Wakefield Canada’s Kent Rennie and Anthony Stadelman
January 1, 2006
Wakefield Canada Inc. was newly created last year, specifically to market and distribute Castrol brand products to the Canadian market. We sat down with the new company's vice president of sales and m...
Wakefield Canada Inc. was newly created last year, specifically to market and distribute Castrol brand products to the Canadian market. We sat down with the new company’s vice president of sales and marketing, Kent Rennie, and marketing manager Anthony Stadelman (both of them formerly from Castrol Canada) to find out exactly how the duo plan to break in.
MT: Castrol products already have a strong presence in the Canadian automotive market, but what portion of the market share do Castrol’s heavy duty lubes have currently?
KR: Castrol has a very small presence on the Canadian HD market, and I think to say two per cent might even be a stretch – because really to be quite honest with you I don’t think anybody has a defined way to determine what the heavy duty market is, not that I’m aware of anyway. That said I’d like to back up a bit. Twenty months ago, Anthony Stadelman and I were not even involved specifically in the heavy duty business – Castrol Canada Inc. handled both commercial and heavy duty together – so he and I can certainly talk about our relationships with Ford, Volkswagen, Volvo, etc. but when it comes to heavy duty, we’re clearly venturing into uncharted waters. Having said that, Castrol has always had a heavy duty division in North America and Canada, although that division was basically left to its own devices and did a fairly good job with few resources. But now with the creation of Wakefield Canada Inc. there’s an opportunity for us to add resources to better understand the market and its distinct needs.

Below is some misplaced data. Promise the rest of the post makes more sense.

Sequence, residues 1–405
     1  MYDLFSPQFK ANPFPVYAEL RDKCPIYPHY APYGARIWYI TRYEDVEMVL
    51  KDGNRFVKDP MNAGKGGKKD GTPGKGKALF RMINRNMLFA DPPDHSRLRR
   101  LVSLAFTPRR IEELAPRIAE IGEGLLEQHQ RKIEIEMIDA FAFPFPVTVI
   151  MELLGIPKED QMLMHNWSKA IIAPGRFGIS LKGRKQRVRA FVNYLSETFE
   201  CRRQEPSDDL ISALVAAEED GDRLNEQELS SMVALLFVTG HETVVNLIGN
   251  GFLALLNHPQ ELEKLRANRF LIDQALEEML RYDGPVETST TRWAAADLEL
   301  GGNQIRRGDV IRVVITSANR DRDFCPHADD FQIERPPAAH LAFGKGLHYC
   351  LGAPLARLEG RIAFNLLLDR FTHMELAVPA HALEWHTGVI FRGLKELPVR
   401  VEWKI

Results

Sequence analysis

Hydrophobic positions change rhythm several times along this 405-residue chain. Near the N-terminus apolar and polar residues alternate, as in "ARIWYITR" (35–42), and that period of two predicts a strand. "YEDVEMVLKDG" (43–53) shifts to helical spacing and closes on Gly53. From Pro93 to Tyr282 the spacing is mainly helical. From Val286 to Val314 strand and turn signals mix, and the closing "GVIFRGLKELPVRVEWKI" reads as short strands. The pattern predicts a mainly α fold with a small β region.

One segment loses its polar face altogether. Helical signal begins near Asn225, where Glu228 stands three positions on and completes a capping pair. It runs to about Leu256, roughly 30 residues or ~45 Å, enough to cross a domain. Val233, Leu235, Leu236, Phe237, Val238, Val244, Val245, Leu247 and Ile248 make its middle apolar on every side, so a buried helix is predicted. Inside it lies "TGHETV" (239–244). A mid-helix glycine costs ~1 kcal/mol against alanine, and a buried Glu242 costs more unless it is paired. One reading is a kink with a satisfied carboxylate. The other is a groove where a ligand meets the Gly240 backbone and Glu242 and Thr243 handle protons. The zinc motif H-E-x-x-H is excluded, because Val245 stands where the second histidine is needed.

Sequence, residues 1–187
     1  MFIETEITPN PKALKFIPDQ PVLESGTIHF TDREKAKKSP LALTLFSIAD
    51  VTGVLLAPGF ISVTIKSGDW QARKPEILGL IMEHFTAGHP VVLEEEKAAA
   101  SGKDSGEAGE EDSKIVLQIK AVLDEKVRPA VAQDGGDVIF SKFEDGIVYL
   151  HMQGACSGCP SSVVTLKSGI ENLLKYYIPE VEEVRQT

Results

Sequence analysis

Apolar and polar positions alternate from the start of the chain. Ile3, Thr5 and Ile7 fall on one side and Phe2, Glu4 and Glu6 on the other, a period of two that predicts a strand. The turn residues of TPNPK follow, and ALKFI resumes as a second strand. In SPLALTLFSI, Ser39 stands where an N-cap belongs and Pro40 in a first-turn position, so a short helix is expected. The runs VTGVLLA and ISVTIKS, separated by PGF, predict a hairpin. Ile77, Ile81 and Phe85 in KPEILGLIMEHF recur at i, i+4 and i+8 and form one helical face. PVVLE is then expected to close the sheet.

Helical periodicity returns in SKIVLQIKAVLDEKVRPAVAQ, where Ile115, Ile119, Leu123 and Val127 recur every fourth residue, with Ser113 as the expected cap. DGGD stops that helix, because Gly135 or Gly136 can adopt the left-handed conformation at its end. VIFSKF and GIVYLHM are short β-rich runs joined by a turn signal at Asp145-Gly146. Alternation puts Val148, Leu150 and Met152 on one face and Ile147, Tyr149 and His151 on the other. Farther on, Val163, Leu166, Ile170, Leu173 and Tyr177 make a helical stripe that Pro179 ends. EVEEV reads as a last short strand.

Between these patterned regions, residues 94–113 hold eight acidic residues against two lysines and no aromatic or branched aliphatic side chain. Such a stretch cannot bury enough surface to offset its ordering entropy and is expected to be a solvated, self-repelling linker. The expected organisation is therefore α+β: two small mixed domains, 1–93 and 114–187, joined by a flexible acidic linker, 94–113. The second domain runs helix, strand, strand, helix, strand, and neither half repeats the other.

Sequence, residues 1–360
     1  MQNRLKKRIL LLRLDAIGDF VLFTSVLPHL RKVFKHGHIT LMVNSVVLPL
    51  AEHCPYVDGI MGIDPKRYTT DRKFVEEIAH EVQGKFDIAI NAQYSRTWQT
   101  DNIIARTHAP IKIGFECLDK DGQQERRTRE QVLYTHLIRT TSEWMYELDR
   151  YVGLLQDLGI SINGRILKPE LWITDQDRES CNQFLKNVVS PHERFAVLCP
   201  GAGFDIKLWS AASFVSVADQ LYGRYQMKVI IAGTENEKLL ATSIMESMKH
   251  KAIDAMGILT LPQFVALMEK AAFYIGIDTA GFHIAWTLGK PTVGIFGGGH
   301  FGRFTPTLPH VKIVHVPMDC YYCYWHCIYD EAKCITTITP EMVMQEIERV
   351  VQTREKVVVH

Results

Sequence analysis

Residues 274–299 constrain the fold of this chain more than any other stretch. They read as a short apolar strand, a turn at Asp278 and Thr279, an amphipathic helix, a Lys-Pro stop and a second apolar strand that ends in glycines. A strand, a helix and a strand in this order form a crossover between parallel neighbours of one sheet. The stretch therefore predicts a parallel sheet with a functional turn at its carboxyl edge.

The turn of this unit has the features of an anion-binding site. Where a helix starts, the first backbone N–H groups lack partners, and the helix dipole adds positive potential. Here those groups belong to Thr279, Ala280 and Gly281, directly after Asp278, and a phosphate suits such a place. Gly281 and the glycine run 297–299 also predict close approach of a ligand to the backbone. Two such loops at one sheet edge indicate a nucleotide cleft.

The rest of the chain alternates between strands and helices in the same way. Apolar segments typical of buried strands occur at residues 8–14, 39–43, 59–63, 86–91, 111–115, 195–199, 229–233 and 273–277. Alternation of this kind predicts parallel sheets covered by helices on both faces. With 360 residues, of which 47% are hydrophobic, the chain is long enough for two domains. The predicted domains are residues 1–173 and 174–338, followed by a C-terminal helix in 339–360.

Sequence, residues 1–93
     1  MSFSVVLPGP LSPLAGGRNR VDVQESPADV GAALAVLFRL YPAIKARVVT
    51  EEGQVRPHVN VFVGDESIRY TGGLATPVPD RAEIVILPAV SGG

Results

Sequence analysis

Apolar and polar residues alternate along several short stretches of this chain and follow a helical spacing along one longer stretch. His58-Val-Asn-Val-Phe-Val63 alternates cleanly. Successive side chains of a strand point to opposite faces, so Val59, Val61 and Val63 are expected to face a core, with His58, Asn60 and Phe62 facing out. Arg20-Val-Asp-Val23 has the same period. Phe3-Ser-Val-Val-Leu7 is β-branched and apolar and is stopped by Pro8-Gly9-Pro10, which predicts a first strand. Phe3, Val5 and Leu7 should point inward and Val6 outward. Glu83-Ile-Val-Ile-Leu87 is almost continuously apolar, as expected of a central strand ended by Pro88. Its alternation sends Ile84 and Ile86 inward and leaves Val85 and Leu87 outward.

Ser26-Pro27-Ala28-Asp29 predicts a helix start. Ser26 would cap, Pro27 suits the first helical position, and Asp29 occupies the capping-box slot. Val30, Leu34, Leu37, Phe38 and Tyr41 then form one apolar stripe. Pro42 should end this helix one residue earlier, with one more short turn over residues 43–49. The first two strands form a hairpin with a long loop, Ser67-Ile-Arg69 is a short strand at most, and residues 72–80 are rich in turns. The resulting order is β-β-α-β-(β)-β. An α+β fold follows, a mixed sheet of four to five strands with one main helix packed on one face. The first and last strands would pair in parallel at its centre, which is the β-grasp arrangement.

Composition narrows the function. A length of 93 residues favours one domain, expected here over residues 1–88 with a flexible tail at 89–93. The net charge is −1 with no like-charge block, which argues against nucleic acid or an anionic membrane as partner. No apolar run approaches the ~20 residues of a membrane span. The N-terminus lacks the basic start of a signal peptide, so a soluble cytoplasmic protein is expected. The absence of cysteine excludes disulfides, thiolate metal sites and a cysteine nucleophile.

MT: How exactly are you doing that?